They couldn’t be easier, really. I mixed up this latest batch while cleaning up after feeding lunch to seven children and two adults (not counting myself), holding a semi-intelligible conversation (though that may be up for debate), washing two and a half dozen eggs and selling one dozen (though that may have taken place while the blondies were in the oven), feeding the Baby Nickel more and more and more food (I don’t think it’s humanly possible for a child of his size to consume as much food as he did), cutting the heels off the loaves of bread so Sweetsie could gnaw on them (apparently, she was starving), washing dishes, keeping a watch out the windows at the children streaking (not literally) around the property, and double-checking the recipe on line. One would think I would have a breakdown after all that, but I didn’t. All that hubbub only served to make me feel good.
(This does not mean that my children need to act up even more in order for me to maintain my equilibrium. I just want to be clear about that, on the off-chance that you were thinking such utter nonsense. Not that you would ever say such an insensitive thing, of course, even if you did think it. However, if you did say that, I can promise you our relationship would suffer. Especially on days like today when I’m teetering on the brink. On the brink of what, I’m not sure. My eyes are squinched shut ’cause I don’t want to know.)
But about the life-saving blondies. They can be whipped up faster than the mood shifts of a PMSy mother of four (though I’m not PMSy, currently). That’s saying a lot, dearies. All you do is this: melt 7 tablespoons of butter in a bowl (or pan), stir in a cup of sugar, an egg, a teaspoon of vanilla, a pinch of salt, and a cup of flour and YOU ARE DONE. (Of course, you can add all sorts of goodies to the batter, and I consider chocolate chips to be nonnegotiable, but you could leave those out if you’re not feeling up to climbing up on a stool to get to the chocolate that is stashed in the uppermost cabinet above the microwave.) Spread the stiff mixture in a pan, pop it in the oven, and twenty minutes later, grab a hot pad and pull your saving grace from the oven.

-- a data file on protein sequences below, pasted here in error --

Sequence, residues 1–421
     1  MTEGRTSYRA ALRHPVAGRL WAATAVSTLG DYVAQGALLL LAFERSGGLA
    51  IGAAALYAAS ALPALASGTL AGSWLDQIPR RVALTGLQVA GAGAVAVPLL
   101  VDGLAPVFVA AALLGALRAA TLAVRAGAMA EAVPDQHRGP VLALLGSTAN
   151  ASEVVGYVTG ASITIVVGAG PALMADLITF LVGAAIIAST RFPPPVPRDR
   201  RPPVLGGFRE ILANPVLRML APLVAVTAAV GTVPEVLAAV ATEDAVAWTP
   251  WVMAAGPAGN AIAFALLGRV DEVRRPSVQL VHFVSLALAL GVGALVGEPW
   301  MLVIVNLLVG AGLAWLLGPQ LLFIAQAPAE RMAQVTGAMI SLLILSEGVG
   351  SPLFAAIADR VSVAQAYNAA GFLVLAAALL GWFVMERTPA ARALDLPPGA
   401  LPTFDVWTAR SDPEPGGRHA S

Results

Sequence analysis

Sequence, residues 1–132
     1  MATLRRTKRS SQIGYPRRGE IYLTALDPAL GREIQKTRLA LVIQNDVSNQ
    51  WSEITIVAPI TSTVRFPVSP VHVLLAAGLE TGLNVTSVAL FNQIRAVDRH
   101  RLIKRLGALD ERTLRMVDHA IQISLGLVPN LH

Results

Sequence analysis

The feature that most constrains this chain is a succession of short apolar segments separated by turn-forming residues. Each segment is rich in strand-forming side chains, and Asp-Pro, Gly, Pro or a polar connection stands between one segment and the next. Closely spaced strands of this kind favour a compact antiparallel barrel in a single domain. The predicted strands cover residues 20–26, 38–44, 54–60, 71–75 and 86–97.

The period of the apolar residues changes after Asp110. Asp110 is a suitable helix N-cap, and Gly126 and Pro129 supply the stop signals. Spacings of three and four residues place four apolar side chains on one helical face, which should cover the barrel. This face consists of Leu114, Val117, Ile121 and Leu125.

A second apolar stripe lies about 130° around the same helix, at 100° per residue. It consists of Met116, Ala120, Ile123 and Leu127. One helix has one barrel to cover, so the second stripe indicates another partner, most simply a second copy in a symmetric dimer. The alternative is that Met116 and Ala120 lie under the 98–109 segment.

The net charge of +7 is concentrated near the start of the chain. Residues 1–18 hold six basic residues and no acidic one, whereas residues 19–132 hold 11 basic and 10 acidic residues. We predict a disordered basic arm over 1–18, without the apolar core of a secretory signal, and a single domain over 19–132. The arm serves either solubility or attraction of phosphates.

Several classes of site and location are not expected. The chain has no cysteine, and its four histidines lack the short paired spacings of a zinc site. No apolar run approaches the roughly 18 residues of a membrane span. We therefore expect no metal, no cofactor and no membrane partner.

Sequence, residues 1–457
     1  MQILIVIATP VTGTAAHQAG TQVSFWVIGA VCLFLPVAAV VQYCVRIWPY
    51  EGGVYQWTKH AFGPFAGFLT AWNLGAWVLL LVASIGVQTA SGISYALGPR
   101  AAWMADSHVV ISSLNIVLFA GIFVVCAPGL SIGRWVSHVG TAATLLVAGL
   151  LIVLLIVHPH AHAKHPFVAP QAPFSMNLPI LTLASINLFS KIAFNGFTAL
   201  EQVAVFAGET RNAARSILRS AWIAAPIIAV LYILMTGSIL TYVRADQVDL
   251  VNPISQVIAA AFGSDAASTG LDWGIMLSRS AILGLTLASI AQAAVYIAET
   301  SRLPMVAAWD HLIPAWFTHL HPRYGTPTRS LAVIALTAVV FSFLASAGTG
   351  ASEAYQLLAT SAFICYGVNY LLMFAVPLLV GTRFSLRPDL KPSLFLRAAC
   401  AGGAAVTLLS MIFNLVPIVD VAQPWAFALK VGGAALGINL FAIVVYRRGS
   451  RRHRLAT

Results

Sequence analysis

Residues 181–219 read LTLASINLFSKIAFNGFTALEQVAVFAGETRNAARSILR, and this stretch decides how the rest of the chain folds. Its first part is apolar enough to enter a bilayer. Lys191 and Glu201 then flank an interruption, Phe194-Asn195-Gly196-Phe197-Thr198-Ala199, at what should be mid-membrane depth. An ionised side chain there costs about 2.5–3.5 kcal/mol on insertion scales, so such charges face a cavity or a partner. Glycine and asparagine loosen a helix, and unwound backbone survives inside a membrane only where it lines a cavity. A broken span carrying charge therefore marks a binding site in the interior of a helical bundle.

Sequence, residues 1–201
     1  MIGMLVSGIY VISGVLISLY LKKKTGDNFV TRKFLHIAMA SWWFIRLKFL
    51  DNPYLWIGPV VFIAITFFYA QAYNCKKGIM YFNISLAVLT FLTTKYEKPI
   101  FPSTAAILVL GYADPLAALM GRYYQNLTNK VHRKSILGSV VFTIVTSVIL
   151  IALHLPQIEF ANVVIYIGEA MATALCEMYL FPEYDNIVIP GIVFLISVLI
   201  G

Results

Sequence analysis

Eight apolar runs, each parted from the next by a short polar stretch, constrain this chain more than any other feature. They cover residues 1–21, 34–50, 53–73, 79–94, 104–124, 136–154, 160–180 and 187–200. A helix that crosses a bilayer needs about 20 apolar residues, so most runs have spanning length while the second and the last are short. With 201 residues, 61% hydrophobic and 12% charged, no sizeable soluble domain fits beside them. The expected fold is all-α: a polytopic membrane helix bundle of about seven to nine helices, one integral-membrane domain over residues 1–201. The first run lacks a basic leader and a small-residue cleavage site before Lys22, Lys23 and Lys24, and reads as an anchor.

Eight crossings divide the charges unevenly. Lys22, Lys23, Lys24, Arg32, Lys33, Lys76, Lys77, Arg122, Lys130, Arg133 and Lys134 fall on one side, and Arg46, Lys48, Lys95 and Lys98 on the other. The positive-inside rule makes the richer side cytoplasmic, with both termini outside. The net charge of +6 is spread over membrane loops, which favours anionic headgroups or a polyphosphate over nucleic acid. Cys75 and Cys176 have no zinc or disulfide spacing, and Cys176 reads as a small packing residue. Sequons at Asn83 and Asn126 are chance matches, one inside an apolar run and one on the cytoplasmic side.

Feed the blondies to your children, all except the poor little one who forfeited any potential sweets because he called you a bad name earlier today. You, of course, did not reciprocate, so you eat his share. And then some. (When no one is looking.)
Adapted from Deb over at Smitten Kitchen
Deb’s recipe calls for a whole stick of butter, but I found the resulting bars to be too greasy. Cutting back to 7 tablespoons seemed to do the trick.
Some of the add-ins I’ve used include: chopped pecans, chocolate chips, mini-caramel balls, and coconut. See Deb’s post and the subsequent comments for other add-in possibilities—she includes a long list of ideas.
7 tablespoons butter, melted
1 cup brown sugar
1 pinch salt
1 teaspoon vanilla
1 cup flour
½ – 1 cup add-ins (chocolate, nuts, dried fruit, coconut, candy, etc), optional
Stir the ingredients together in the order they are listed. Spread the dough into a greased, 8 x 8-inch pan and bake at 350 degrees for 20-25 minutes.
They are quite gooey while warm, but set up considerably after cooling. They freeze well.
Yield: not enough. Make a double batch.
About one year ago: Meatballs, with lemon zest, oregano, and Parmesan.